|Eco states in the Postscript to the Name of the Rose that Bernard's poem is also the source of the novel's title and last line —
"Stat rosa pristina nomine; nomina nuda tenemus." — meaning that in this imperfect world, the only imperishable things are ideas.
(Yesterday's rose endures in its name; we hold empty names.)
For Bernard and Adso, this verse would express the impermanence of physical objects. For Eco, however, the "empty name" represents an indefinite semiotic sign. The rose of the title is a symbol so rich in meaning that it now means everything and nothing. It is empty space which readers can fill in with their own interpretation.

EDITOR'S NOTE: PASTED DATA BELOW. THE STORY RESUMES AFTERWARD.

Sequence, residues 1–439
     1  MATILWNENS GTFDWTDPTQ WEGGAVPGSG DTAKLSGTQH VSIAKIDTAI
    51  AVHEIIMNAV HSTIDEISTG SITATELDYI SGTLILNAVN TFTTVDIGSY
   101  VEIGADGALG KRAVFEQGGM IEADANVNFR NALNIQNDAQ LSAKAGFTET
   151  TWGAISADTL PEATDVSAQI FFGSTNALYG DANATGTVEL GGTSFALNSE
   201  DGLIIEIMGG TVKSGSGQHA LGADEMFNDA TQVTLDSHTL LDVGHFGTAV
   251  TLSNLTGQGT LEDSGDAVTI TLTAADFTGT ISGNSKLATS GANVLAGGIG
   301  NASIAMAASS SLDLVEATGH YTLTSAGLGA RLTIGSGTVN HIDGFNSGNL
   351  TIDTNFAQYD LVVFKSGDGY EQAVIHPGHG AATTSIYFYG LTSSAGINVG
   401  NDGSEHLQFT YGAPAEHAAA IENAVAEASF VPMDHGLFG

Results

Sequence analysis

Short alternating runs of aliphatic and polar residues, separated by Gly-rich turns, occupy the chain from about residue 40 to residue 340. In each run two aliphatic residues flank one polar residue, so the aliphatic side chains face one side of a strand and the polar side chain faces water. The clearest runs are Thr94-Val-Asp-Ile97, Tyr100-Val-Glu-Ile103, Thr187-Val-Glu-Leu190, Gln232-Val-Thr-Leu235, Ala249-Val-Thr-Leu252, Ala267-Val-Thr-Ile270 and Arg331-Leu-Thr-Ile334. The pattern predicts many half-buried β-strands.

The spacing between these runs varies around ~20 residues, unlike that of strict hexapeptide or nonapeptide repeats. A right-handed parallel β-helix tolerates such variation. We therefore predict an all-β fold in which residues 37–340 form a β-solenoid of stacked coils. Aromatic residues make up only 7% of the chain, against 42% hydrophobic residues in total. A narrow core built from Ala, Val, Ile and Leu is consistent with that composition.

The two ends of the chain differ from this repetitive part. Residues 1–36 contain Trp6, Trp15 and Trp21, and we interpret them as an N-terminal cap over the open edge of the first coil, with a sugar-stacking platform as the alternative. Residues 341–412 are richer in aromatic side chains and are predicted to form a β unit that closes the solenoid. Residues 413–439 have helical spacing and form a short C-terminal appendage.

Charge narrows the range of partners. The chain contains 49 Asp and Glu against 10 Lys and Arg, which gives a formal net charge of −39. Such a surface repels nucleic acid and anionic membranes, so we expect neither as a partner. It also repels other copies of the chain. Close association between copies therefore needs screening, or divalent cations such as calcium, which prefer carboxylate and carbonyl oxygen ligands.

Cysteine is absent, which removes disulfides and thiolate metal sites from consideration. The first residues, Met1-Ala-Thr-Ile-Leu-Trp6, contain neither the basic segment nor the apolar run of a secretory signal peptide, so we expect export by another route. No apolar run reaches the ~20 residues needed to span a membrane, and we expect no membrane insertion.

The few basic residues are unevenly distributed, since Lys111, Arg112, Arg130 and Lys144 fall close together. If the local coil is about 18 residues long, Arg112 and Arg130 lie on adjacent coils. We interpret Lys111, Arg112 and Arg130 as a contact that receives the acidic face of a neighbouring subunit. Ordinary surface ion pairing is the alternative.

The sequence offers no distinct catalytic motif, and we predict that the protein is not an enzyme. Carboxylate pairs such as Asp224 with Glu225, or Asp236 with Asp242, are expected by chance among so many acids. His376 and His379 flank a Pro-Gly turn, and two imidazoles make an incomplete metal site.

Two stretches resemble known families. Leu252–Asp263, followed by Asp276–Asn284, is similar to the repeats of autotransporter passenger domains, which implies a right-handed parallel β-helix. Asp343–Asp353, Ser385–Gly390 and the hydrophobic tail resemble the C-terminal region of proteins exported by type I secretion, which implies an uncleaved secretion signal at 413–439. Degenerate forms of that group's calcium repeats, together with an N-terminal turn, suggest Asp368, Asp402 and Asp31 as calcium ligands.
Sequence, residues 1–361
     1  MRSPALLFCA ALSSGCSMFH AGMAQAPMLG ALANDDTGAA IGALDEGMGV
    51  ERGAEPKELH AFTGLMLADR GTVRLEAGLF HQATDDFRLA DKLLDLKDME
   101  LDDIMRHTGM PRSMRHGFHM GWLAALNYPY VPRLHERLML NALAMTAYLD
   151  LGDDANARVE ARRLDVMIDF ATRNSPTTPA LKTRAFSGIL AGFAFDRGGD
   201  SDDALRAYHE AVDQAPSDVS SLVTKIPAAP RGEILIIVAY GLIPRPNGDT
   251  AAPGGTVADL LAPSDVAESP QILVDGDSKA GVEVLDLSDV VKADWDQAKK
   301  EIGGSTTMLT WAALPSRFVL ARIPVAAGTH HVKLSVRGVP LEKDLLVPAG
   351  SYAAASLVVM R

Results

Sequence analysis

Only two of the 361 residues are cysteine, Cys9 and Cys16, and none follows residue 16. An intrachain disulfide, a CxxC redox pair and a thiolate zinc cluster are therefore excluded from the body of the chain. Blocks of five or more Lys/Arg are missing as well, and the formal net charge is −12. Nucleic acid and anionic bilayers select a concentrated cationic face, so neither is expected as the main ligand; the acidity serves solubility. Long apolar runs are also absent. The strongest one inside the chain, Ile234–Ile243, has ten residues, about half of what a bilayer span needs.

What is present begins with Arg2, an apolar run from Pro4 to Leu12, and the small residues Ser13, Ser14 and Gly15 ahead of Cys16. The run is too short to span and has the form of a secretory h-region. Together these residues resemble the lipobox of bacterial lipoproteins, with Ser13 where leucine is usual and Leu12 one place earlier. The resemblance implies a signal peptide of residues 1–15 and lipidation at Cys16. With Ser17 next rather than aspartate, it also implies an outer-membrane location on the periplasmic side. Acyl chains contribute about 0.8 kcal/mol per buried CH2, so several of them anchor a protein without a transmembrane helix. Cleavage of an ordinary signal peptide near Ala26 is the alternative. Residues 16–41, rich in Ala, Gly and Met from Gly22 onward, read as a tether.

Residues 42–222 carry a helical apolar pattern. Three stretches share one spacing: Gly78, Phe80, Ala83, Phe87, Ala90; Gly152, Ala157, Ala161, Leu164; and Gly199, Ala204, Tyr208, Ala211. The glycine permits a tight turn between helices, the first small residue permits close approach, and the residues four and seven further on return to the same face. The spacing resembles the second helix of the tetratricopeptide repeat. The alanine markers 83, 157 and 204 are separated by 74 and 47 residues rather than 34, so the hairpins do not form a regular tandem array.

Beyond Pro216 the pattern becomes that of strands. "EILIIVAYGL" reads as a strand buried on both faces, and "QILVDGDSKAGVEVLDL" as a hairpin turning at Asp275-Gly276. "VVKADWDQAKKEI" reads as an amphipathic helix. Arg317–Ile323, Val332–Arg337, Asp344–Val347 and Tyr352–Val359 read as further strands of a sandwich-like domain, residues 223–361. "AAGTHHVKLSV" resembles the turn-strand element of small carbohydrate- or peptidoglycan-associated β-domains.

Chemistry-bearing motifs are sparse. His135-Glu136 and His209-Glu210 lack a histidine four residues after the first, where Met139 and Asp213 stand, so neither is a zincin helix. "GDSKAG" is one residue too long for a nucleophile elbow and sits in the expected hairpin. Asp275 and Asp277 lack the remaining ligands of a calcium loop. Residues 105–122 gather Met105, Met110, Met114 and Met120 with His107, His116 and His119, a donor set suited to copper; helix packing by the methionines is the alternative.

"Since the publication of The Name of the Rose I have received a number of letters from readers who want to know the meaning of the final Latin hexameter, and why this hexameter inspired the book's title. I answer that the verse is from De contemptu mundi by Bernard of Morlay, a twelfth-century Benedictine, whose poem is a variation on the "ubi sunt" theme (most familiar in Villon's later "Mais ou sont les neiges d'antan"). But to the usual topos (the great of yesteryear, the once-famous cities, the lovely princesses: everything disappears into the void), Bernard adds that all these departed things leave (only, or at least) pure names behind them. I remember that Abelard used the example of the sentence "Nulla rosa est" to demonstrate how language can speak of both the nonexistent and the destroyed. And having said this, I leave the reader to arrive at his own conclusions."
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